Testing Well Water
Have you ever heard of a monitoring well? This is a well with one purpose in mind: to allow testing and sampling. Drilling a groundwater monitoring well is an easy way to provide a place where someone can obtain samples of groundwater and the sampling itself isn’t difficult but having the right tools is a critical part of the process.
Tools for Groundwater Sampling
In order to begin testing, you’ll need to first determine the water level and depth of your well. The two most common tools for assessing these depths are a long measuring tape or an electronic water level meter. You’ll also need to purge the well before taking any samples. This can be done by using a bailer, which is typically a 2 to 3-inch PVC pipe with a check valve on the bottom. The other option is a submersible pump. Other tools needed for sampling include the basic containers, buckets, gloves, pen, paper, calculator, a site map and a cooler with ice. On to the sampling we go!
How Does Sampling Happen?
The first thing you’ll want to be sure of is that all of your testing equipment needs to be clean before sampling to prevent contamination. We recommend labeling the sampling containers, including all information required by lab. Next you’ll want to set up all the equipment next to the well on a clean plastic sheet to prevent accidental contamination.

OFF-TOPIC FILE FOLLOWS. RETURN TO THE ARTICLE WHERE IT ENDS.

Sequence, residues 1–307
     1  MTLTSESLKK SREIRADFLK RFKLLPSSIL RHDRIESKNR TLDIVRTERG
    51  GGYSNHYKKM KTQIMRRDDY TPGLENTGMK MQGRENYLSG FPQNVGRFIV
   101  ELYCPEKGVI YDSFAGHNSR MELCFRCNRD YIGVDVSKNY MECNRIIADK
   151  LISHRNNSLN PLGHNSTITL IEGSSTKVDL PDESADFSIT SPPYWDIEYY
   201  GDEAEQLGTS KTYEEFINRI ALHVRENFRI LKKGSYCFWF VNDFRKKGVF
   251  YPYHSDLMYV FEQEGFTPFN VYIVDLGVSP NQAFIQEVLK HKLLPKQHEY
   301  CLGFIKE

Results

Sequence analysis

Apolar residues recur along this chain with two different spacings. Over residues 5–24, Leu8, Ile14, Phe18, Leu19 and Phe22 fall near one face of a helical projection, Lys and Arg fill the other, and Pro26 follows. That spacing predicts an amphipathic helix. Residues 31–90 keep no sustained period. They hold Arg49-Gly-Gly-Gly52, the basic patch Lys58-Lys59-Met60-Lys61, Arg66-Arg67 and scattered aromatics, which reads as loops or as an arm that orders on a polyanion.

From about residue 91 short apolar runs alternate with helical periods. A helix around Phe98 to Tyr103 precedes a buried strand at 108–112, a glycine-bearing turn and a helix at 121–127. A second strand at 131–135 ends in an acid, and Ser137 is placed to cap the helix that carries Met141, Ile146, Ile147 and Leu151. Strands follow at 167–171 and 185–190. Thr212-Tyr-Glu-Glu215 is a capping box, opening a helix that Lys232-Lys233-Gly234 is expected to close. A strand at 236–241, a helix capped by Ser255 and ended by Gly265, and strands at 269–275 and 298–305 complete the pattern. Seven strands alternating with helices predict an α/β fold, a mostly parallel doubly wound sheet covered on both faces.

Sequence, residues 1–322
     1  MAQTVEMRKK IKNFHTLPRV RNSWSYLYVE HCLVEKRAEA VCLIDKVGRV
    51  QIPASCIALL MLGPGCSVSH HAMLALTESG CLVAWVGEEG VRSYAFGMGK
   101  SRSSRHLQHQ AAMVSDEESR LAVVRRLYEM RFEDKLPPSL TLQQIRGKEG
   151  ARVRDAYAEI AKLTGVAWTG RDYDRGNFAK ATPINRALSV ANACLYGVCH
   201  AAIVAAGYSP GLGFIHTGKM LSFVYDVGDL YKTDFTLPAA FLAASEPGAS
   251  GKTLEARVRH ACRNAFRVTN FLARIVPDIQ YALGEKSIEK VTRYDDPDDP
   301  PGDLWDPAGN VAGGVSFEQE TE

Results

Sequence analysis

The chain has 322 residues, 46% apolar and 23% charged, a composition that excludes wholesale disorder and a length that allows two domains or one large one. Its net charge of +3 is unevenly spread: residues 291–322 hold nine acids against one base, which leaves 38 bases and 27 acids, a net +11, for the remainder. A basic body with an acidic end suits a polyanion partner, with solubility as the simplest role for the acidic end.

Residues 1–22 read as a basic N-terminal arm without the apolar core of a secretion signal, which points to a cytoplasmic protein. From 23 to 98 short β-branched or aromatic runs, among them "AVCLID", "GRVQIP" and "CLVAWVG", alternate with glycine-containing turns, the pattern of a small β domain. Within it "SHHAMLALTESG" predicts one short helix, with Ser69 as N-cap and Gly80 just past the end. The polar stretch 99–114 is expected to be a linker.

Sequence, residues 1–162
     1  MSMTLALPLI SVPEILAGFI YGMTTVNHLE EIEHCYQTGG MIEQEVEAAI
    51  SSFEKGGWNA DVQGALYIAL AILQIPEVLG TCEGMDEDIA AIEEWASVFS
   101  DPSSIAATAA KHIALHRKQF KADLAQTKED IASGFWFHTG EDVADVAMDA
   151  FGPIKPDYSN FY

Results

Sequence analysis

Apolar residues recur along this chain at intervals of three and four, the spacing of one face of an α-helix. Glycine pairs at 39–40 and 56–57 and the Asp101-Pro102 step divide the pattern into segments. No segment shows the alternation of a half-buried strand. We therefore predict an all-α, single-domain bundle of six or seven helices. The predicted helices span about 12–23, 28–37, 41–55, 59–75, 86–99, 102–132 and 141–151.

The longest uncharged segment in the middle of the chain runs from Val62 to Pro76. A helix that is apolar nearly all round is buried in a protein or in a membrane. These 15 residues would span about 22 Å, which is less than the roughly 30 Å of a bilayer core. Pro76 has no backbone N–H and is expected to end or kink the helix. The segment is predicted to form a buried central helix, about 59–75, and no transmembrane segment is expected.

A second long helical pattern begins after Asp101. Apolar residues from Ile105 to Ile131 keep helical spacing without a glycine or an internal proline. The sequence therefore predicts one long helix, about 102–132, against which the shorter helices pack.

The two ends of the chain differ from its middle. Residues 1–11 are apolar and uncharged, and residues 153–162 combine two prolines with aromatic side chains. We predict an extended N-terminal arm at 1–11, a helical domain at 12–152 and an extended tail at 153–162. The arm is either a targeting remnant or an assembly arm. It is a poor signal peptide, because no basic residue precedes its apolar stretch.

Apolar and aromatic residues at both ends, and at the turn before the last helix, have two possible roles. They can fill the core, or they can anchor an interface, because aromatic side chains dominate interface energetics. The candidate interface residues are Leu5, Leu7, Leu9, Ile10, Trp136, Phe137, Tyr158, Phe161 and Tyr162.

Calculating the Depth and Volume of the Well
Calculate the volume of water in the well. You do this by taking three measurements: the depth to the top of the water, the depth to the bottom of the well, and the diameter of the well. Subtract the depth to water from the depth to bottom. This is the depth of water in the well. By the diameter of the pipe, figure out how many gallons are in a single linear foot. By multiplying the gallons of water in a linear foot, by the number of linear feet, you can determine the volume of water in the well.
Taking the Sample
To take a good sample, you need to purge the well of standing water. The volume to remove is three times the volume of the water in the well. So, if you calculate 20 gallons of water in the well, you will need to purge three times that, or 60 gallons. Use the bailer or the submersible pump to purge.
Purging the Well
Once you finish purging the well, take the sample. Use the bailer or submersible pump to fill the sampling container. Mark the time on the sample. Preserve it according to lab instructions, close up the well and send your samples off the lab while disposing of the purged water.
For more information and access to direct push tooling, contact ECTMFG.com today!